The REAL issue is of distribution, not marketing. In the past artists had little choice BUT to make an hour-long album, whether they had the talent of Radiohead or not. It was simply not cost effective to put two songs on a disc and sell it at a fraction of the price of a full-length album.
But now the Internet has facilitated this sort of distribution. Radiohead and frontman Thom Yorke have again been pioneers in this field, by simply releasing a song or two periodically when they feel is "finished," without calling it a "single" for the next album. (I dont even know if they are making a new album).
Therefore in today's world, if an artist only has the talent (or passion) to make one or two good songs, they can sell just those songs over the Internet and still make a profit. They do not need to borrow money from the labels to make a garbage album with 90% filler material which they can't even be proud of and then have the album flop and remain in permanent debt to the label.
So people who have it in them to make a full-length album will continue to do so, while others will not. It's that simple. Musicians are just people, after all, and no one says one has to be a full-time musician, or be that prolific.
Progress does not obliterate, it creates.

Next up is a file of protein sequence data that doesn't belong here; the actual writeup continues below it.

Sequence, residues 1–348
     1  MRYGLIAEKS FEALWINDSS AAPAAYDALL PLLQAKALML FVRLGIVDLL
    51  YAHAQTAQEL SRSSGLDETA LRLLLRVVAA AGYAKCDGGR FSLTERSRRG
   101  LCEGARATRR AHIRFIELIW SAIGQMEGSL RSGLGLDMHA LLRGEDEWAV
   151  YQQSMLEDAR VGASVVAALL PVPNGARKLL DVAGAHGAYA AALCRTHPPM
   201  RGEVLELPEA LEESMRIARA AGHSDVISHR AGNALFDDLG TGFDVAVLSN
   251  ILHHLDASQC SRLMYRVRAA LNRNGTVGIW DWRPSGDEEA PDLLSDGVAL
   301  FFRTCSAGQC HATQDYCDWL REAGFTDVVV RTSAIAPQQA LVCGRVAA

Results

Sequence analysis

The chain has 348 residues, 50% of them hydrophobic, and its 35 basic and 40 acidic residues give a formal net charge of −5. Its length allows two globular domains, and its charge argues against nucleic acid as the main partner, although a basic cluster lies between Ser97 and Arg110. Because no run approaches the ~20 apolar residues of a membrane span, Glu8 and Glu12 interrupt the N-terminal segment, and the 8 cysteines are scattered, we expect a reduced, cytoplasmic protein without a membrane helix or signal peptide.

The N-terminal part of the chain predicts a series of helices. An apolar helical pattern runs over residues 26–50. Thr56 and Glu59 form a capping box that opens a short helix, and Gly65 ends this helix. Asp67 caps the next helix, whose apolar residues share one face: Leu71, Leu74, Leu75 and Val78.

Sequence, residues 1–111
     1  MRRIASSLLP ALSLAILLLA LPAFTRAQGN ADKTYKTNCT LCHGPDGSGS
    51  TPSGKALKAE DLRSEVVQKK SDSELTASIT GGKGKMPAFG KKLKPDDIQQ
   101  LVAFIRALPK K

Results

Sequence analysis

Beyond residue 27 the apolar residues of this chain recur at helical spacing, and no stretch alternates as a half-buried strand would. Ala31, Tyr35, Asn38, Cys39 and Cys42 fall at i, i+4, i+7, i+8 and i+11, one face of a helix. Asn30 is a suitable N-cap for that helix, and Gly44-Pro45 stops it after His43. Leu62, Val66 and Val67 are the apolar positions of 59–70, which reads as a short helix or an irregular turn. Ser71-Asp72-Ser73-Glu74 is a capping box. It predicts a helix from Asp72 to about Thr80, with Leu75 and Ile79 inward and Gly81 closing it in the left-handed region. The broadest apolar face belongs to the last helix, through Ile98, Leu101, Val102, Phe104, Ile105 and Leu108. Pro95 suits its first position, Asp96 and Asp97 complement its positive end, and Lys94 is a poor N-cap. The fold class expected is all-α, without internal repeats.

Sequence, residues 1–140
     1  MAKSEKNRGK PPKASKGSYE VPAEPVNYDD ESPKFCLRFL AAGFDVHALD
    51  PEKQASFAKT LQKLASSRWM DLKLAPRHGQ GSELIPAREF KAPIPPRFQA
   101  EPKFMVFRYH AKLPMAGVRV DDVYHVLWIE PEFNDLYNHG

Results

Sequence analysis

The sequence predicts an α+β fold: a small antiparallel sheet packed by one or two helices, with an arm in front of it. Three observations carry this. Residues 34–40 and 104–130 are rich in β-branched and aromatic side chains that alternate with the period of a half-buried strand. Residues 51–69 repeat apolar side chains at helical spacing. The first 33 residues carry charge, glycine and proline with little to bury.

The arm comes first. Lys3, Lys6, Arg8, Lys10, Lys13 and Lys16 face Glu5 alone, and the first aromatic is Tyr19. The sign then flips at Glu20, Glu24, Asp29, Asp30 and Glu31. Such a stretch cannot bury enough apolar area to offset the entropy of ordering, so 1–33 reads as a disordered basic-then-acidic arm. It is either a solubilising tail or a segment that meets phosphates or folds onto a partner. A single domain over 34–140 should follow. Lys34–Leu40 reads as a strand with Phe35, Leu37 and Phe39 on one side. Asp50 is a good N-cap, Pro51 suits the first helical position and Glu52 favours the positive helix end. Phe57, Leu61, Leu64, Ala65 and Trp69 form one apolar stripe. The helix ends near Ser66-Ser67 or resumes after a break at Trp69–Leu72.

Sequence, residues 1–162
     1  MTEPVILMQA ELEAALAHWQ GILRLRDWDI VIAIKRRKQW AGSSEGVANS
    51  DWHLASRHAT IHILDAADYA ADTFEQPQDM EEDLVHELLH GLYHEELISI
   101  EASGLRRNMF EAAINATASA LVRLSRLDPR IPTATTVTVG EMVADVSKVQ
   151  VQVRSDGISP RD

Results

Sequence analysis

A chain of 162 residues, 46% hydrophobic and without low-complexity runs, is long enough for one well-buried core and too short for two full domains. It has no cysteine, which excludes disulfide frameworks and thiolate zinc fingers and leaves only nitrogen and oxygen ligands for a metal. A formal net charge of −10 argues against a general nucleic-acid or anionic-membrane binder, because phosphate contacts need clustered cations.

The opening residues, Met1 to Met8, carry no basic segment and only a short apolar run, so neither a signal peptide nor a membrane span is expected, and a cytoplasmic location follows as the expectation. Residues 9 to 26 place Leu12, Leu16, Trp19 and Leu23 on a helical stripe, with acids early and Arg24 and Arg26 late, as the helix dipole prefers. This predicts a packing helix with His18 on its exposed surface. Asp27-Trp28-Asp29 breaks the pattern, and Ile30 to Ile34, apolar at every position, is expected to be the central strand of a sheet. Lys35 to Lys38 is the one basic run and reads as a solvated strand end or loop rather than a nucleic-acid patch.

This particular debate is identical to that which currently haunts literary circles prophesying the death of the book. The idea that technologoical advances can only be attained at the cost of its predecessor seems somewhat limited to me. In literature, forms of storytelling existed long before the novel and the book. The oral tradition for example, or even, quite fittingly in song. With the creation of writing these methods were not abandoned. They exist still today. Over the millenia literature expanded to include poems of different types from the haiku to the epic. The novel was born and subsequently a galaxy of genres evolved within that medium. Now we have this proposed threat from modern technology. A similar threat was percieved when the printing press was invented yet it did not bring about any literary apocalypse but instead it expanded the literary universe. When new mediums and methods are created they simply add to the options of the artist. The book will not die. It will just be given more rivals.